But what of the “faces” and “forms” one can sometimes make out in the swirling clouds of mist? How can those be so casually explained away as nothing more than exhaled breath? The propensity to see faces or figures in a cloud of mist is the result of something called “matrixing” (technically known as pareidolia), which is the brain’s attempt to identify recognizable shapes where none exists. In effect, people see what appears to be a face/form because that is what the brain is wired to do when confronted with random patterns of light and shadow. This is the same phenomenon we experience when we see faces or animals in the clouds, and is also the reason that the more one stares at the picture, the more clearly defined the “face” becomes. It’s really just an optical illusion.

There is one other type of “vortex” that is frequently thought to be evidence of the paranormal as well, which is known as a “solid vortex”. These are not misty objects, but much more solid and unusual, and so more difficult to explain. Here are a couple of good examples from my collection:

Two examples of “solid vortexes” commonly caught on film.

Clearly these can’t be attributed to exhaled breath or cigarette smoke, but what might account for them? The explanation is really quite simple and again involves viewing an item from extremely close range. In the case of the vortex on the left, the swirling lines are caused by a bit of human hair that has fallen in front of the lens, while the one on the right is the camera’s own strap. (Notice the “weave” in the vortex; a dead giveaway there.) Being so close to the lens—and the flash—gives them an almost “other worldly” glow that can be a little unnerving to someone who hasn’t dealt with such a thing before or wasn’t expecting to see it. This is why one always needs to be sure when taking a photo to keep their hair or some other object from falling in front of the lens.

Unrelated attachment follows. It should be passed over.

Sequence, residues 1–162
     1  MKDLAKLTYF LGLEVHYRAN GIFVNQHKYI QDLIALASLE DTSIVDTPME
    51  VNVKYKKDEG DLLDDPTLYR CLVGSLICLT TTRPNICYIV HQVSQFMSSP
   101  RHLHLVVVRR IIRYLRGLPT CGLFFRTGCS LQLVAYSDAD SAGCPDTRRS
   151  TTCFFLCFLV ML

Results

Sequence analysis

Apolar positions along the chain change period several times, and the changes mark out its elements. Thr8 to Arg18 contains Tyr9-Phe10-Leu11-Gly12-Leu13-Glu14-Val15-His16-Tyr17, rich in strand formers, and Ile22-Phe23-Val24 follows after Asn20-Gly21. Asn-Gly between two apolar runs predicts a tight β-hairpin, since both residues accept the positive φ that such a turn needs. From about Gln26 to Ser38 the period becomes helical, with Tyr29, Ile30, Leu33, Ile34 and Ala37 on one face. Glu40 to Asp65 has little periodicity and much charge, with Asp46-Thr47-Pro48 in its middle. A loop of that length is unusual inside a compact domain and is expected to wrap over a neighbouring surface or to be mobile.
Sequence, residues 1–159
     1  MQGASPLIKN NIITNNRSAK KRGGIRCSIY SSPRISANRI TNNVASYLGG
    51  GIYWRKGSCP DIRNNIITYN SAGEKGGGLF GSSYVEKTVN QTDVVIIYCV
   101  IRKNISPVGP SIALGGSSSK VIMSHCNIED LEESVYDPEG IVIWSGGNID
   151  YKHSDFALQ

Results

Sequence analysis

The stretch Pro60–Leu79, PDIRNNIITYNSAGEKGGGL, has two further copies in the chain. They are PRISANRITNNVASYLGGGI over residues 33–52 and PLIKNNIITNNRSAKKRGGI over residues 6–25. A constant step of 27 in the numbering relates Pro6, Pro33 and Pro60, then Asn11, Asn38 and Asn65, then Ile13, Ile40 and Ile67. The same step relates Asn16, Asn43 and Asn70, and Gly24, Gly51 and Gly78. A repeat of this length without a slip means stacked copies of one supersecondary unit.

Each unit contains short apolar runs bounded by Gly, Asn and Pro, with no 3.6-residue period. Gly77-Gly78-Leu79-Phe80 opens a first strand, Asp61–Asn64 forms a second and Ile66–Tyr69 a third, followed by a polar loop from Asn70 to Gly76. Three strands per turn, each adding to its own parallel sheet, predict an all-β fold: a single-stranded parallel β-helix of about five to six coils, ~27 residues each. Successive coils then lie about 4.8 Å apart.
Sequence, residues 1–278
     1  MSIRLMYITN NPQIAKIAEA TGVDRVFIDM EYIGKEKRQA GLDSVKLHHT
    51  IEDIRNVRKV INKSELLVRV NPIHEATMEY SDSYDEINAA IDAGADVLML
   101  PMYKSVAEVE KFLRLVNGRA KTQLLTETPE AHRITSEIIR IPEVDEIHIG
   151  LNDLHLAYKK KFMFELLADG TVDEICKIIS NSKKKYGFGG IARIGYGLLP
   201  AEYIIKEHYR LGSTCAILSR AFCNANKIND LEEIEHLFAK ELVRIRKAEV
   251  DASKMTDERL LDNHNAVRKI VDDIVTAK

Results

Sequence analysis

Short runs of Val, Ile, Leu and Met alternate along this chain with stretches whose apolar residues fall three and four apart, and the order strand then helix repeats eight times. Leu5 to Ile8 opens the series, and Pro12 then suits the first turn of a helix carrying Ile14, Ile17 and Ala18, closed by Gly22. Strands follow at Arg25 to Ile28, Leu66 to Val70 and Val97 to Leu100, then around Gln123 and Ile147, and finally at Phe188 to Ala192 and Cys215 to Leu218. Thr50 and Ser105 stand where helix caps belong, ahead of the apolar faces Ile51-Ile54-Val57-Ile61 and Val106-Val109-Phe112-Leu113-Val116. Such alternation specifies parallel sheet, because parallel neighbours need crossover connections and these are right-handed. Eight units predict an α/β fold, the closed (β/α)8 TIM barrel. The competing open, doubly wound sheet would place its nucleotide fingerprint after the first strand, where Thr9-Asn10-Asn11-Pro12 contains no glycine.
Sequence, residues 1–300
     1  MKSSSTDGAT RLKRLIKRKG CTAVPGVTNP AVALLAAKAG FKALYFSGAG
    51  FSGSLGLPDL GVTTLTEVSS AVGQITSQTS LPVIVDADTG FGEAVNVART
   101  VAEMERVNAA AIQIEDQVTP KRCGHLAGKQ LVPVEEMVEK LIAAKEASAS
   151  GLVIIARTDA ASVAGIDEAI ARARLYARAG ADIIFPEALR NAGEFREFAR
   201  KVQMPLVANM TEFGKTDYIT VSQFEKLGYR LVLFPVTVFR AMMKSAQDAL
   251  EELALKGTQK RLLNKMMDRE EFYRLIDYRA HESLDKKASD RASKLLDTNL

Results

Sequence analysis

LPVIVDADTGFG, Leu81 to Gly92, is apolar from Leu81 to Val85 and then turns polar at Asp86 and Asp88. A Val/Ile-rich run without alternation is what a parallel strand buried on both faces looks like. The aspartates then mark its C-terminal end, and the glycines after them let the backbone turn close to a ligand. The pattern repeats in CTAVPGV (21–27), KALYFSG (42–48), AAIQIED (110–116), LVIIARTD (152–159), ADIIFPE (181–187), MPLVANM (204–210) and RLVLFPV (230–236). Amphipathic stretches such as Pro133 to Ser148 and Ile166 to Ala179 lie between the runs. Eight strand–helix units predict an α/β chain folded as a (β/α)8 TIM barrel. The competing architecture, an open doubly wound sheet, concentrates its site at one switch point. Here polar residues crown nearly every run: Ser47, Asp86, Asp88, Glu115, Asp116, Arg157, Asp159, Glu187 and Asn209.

So what’s the final conclusion? Does the fact that orbs and vortexes can usually be explained away by dust, bugs, exhaled breath or camera straps mean there are no such things as ghosts? Not at all. Simply because one has captured a common photo anomaly doesn’t mean there may not be ghosts about (any more than does mistaking a big, dark bush for a bear proves there is no such thing as a bear). It just means that one needs to be aware of the idiosyncrasies of their cameras and the human tendency to jump to conclusions before exhausting all the possibilities first. Take a few basic precautions, make yourself an expert as to what sort of mischievous effects your camera is capable of, and take account of the weather conditions and the fact that you might be shooting at a dusty location (where “orbs” are likely to predominate) and you, too, can become a first-class ghost hunter. Keep your camera handy and good luck! (Oh, and if you do get something a bit unusual that you can’t easily explain, send it to me at the website below.)
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Jeff Danelek is a Denver, Colorado author who writes on many subjects having to do with history, politics, the paranormal, spirituality and religion. To see more of his stuff, visit his website at www.ourcuriousworld.com.